Since Survivor first aired on CBS in the summer of 2002, viewers have noted (and sometimes complained about) the continuing number of product placements in the show. Sponsoring products have been incorporated directly into the production, ranging from food rewards to computer "cafes" to SUVs for overnight sleeping. Now, with his new NBC show The Restaurant, Survivor executive producer Mark Burnett has carried that concept one step further.

According to Hollywood Reporter, the entire production cost of The Restaurant was paid by the show's three main sponsors: American Express, Mitsubishi Motors and Coors Brewing. NBC paid not one penny of license fee to have the show made. To justify its investment, each of the sponsors has received a prominent place in the show: American Express provides the financing for the restaurant, "Rocco's" in Manhattan; the founder/chef Rocco DiSpirito drives a Mitsubishi SUV; and Rocco's features brands of beer owned by Coors.

Said Burnett, "It's a great opportunity for sponsors to have more control and networks to have less risk. It's a very good business move for [advertisers] to have integration into the show that can't be TiVo'd out."

Of course, in the early days of television, such integration between advertiser and show was quite common. Such links persisted into the 1970s; the movie Willie Wonka and the Chocolate Factory, for example, was entirely funded by Quaker Oats, which used the movie to promote its new "Wonka" brand of candy and sweets. Once again, Mark Burnett is leading television forward into the past. We hope that The Restaurant is able to follow in the high-quality footsteps of Willie Wonka ... and not end up as an infomercial for its sponsors.

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Interestingly, Hollywood Reporter also points out that the show is NOT owned by Mark Burnett Productions or Survivor Entertainment Group. Instead, it is owned by Magna Global Entertainment, a unit of the advertising powerhouse Interpublic (which lined up the sponsors), and by Reveille, a joint production venture of Ben Silverman and Universal Television Group, which produced the USA Networks' reality series Nashville Star.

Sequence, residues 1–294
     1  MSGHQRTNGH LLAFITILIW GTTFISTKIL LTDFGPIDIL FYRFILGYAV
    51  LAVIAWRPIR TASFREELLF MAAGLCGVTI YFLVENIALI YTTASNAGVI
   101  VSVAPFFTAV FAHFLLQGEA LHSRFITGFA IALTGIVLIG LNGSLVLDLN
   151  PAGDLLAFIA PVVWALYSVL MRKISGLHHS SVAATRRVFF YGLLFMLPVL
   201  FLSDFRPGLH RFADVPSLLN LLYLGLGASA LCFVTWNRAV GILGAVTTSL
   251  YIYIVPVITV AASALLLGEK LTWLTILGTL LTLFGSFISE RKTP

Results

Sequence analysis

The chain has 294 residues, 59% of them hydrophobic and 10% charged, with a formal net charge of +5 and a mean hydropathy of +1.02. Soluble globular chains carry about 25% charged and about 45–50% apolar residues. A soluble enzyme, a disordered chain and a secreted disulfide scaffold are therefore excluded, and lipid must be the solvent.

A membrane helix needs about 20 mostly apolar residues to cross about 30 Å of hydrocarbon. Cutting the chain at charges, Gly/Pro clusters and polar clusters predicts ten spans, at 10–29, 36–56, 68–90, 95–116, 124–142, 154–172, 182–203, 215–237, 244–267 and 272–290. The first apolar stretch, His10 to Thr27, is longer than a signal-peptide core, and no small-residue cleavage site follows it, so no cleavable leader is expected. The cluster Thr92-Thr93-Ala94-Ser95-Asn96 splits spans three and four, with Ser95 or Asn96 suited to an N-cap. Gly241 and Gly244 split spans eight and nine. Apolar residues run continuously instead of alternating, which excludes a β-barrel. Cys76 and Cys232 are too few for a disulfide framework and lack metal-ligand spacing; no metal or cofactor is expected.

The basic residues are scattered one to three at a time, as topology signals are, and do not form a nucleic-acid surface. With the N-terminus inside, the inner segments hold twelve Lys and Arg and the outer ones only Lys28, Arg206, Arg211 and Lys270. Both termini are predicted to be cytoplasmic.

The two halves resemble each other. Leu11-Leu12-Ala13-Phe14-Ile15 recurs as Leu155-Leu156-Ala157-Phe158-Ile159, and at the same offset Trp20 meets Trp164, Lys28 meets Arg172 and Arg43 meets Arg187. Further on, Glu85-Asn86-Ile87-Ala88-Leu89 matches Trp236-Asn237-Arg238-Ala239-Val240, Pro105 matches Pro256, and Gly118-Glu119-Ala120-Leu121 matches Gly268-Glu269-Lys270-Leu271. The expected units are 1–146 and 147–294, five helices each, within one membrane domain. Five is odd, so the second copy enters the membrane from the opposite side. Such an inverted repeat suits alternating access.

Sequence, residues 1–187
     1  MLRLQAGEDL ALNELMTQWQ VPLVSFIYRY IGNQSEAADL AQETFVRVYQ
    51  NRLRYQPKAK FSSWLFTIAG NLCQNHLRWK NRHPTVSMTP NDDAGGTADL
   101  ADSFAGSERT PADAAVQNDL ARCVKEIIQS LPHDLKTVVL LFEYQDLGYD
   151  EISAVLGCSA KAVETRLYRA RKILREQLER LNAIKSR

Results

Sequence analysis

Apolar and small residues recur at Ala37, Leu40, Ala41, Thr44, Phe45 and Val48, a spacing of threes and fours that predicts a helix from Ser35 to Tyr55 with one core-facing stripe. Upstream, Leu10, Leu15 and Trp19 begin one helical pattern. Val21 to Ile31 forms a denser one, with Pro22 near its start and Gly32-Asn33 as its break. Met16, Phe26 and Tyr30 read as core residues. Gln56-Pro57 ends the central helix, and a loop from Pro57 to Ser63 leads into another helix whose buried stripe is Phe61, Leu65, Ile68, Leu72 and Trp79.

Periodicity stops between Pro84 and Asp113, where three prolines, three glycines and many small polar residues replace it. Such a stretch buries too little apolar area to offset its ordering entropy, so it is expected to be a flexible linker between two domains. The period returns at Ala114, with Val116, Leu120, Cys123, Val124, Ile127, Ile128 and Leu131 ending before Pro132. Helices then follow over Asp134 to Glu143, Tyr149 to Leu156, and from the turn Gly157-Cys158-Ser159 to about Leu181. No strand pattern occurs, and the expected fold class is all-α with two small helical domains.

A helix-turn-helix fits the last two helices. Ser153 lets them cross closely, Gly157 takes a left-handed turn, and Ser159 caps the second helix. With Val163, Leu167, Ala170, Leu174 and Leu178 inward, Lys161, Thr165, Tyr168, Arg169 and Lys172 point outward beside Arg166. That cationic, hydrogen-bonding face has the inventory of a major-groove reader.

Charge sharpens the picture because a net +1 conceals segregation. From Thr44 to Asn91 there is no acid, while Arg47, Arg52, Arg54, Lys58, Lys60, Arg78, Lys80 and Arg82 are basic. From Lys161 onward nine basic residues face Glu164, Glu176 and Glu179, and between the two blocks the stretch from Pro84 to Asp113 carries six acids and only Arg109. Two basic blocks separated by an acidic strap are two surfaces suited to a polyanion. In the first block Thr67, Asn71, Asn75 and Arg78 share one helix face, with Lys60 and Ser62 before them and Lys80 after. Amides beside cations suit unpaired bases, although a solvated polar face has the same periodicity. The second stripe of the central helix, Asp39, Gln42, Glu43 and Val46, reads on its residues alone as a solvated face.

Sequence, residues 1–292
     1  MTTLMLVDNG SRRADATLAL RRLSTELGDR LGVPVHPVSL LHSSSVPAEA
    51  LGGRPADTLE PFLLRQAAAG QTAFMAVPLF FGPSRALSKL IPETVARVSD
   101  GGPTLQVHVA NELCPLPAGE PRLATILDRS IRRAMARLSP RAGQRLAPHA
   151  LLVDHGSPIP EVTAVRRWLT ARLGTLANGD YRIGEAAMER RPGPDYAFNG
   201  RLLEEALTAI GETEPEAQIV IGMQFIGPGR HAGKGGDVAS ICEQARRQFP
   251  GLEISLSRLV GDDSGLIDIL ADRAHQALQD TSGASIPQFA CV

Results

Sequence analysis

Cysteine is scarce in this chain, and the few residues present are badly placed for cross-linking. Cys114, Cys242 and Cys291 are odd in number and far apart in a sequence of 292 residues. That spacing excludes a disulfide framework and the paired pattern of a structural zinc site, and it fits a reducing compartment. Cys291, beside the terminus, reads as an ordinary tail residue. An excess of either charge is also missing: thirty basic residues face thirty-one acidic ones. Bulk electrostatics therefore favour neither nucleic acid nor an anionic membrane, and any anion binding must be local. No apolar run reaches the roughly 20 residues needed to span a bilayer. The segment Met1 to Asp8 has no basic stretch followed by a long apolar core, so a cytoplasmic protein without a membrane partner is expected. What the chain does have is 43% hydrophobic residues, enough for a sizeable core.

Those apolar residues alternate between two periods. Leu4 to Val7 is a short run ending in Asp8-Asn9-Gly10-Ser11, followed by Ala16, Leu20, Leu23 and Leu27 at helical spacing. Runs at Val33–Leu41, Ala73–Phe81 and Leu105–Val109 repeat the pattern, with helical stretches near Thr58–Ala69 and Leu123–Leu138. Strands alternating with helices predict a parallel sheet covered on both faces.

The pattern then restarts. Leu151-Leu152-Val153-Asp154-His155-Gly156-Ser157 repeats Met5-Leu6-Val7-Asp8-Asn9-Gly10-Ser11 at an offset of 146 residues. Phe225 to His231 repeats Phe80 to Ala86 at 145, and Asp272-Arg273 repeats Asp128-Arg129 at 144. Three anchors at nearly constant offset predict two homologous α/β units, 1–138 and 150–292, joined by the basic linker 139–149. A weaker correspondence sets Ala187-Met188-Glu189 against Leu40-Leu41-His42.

So ... the show had a producer and a backer BEFORE it ever hooked up with Mark Burnett. What did Burnett bring to the table that would justify the hefty fees that he would charge to come in as a "hired gun" to oversee the program -- as opposed to, say, a straight documentary producer, who probably would have charged far less and had relevant experience to boot? We don't know, since no article has raised the question directly with Reveille or Magna.

However, in our opinion, Burnett does bring relevant experience of two types. First, although it stages locations and challenges, Survivor is the reality show most like a documentary -- even more so than ostensibly unstaged shows like The Osbournes -- and no one else has ever done it as well as Burnett. Second, he is the only producer who has proven that he can keep both viewers and advertisers happy while doing continual and prominent product placement. If The Restaurant succeeds, look for the birth of a new hybrid -- the "advertainment," which will do more for big-budget advertisers than infomercials have done for small-budget ones.

We'd love to go on about why we don't think Survivor's product placement has any influence on viewer purchasing behavior, but it's time for us to finish off our Doritos and Mountain Dew and drive away in our Pontiac Aztecs....